Although the BSU toiled in underground offices without a dedicated staff or budget at first, as the unit employed Burgess’ methods, their successes grew. Delving into the minds of everyone from Son of Sam to the BTK strangler, they solved dozens of cases, eventually garnering press coverage—and subsequent respect via above-ground digs. Their work also sparked the popular fascination with profiling borne out in a seemingly never-ending stream of books, movies, TV shows and podcasts. In fact, Burgess inspired a character in the popular “Mindhunter” Netflix show, which is based on a book by her FBI colleague John Douglas.

With A Killer by Design, Burgess takes center stage at last, offering important, fascinating new context and details about the history of crime-solving in America. It’s an inspiring and meaningful story, too, with its up-close look at people who have dedicated their careers to catching murderers and pushing for justice. As Burgess writes, “My decades studying serial killers weren’t for the game of cat and mouse, nor because I found these killers entertaining. . . . For me, it’s always been about the victims.”

When the FBI noticed a marked uptick in sexual violence in the 1970s, they called on Ann Wolbert Burgess to teach them how to profile—and catch—serial killers.

The history of science and medicine is full of people who have done horrific things—and the bestseller lists are equally full of proof that we’re fascinated by them. Are they simply bad apples? Or are there darker forces at work that turn scientists into monsters? Two new books examine these questions in very different ways.

In The Case of the Murderous Dr. Cream: The Hunt for a Victorian Era Serial Killer, Dean Jobb dives into the life of Dr. Thomas Neill Cream, aka the Lambeth Poisoner, who is believed to have killed at least 10 victims, including his own wife and the husband of one of his mistresses, in three different countries. Many of his victims were prostitutes or unmarried working-class women who sought abortions from the sympathetic Dr. Cream but received fatal doses of strychnine instead. Eventually he began stalking the music halls and bordellos of London in search of victims.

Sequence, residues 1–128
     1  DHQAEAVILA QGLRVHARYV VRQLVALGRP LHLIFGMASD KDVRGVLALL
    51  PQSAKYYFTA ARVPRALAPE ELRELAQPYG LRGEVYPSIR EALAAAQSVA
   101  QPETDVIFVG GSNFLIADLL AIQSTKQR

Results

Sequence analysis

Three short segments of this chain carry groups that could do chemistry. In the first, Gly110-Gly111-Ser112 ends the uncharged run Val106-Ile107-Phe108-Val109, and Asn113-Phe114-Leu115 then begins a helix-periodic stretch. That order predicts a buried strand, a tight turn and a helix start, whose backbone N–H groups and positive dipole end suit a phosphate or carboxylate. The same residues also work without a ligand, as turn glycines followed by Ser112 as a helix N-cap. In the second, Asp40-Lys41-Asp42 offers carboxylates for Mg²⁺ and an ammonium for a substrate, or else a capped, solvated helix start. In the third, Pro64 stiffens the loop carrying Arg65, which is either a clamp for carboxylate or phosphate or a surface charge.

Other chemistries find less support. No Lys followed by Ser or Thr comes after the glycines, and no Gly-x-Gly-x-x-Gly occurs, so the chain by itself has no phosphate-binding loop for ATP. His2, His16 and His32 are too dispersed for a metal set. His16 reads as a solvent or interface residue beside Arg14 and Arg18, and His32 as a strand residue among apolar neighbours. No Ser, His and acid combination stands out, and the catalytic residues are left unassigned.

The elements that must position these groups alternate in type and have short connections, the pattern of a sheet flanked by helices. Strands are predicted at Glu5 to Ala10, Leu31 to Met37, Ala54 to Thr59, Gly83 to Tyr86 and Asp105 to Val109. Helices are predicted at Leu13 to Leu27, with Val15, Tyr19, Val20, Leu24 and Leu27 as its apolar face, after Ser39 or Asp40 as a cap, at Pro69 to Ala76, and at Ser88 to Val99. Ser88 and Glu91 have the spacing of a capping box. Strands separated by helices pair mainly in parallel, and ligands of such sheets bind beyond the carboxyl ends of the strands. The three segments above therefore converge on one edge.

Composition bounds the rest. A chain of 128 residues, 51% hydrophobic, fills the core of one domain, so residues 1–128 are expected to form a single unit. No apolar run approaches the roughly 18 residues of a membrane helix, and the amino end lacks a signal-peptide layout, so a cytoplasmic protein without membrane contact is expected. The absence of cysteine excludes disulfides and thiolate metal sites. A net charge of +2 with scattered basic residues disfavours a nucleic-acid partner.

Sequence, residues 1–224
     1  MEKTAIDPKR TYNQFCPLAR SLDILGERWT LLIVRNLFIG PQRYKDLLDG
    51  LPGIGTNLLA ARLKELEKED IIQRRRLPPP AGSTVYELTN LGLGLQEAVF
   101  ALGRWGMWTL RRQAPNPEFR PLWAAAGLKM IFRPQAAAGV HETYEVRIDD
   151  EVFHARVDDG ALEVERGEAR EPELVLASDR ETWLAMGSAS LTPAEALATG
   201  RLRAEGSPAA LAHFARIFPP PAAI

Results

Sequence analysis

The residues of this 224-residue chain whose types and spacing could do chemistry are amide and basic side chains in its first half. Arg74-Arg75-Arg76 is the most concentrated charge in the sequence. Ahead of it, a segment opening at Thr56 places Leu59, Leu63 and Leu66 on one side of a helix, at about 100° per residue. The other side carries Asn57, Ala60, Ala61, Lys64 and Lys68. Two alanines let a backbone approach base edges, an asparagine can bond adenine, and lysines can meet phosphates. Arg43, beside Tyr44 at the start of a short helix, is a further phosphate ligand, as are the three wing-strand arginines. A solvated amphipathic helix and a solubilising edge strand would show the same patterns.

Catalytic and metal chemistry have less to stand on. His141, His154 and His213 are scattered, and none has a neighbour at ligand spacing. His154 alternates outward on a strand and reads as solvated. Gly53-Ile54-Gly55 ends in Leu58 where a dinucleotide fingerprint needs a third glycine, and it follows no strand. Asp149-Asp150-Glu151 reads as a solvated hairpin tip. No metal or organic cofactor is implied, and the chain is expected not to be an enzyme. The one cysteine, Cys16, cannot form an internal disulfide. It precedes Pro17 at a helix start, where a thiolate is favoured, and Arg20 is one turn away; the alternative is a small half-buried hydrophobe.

Cream was hardly a criminal genius. Tall with a distinctive squint and an equally distinguishing top hat, he had a bad habit of calling attention to his crimes. He nonetheless eluded Scotland Yard for months, primarily because of police indifference to the fate of “fallen women.” 

Raised in a wealthy but strict religious family, Cream seemed to be an archetypal Jekyll/Hyde character—Sunday School teacher and respected physician by day, poisoner by night. It would be easy to paint him as purely evil, but Jobb, a true crime reporter and teacher of creative nonfiction at the University of King’s College in Halifax, Nova Scotia, creates a nuanced portrait of Cream that’s much more chilling than Mr. Hyde. Yes, Cream was a remorseless killer, but he was also warped by Victorian hypocrisy, misogyny and classism—the same factors that allowed him to hide his crimes while hunting for more victims.

In The Icepick Surgeon: Murder, Fraud, Sabotage, Piracy, and Other Dastardly Deeds Perpetrated in the Name of Science, Sam Kean takes a more systemic approach to examining why good doctors and scientists go bad. Kean looks at 12 case histories of people in these professions running off the rails: patients needlessly lobotomized, individuals and communities destroyed in the name of research, thousands of prisoners convicted on the basis of fraudulent forensic evidence and worse.

Sometimes the crime was committed by someone who just happened to be a scientist, such as a Harvard anatomist who found a grisly but scientifically sound method of dealing with an annoying creditor. Others, like Thomas Edison, were indifferent to the pain of others in the quest for scientific glory and wealth. In many cases, the crime was the result of the scientist’s fanatical devotion to finding “truth,” no matter the cost. But the worst crimes included here weren’t even recognized as such at the time because society accepted them as normal, even moral. That was how Henry Smeathman, an 18th-century natural historian and abolitionist, became a trader of enslaved people to fund his expeditions.

Kean is a podcaster with a gift for making science understandable. His writing style is conversational and witty—but he never forgets the real human costs of these crimes. The more powerful science becomes, the more subject it is to abuse, he says. And yet, Kean remains optimistic about the potential of science and medicine to do good, if scientists and nonscientists alike take action. He argues that diverse voices, enforced standards and critical appraisal of scientific assumptions would make crimes like the ones in The Icepick Surgeon more detectable and preventable—and science more trustworthy.

Two nonfiction books delve into nefarious crimes committed in the name of science and medicine.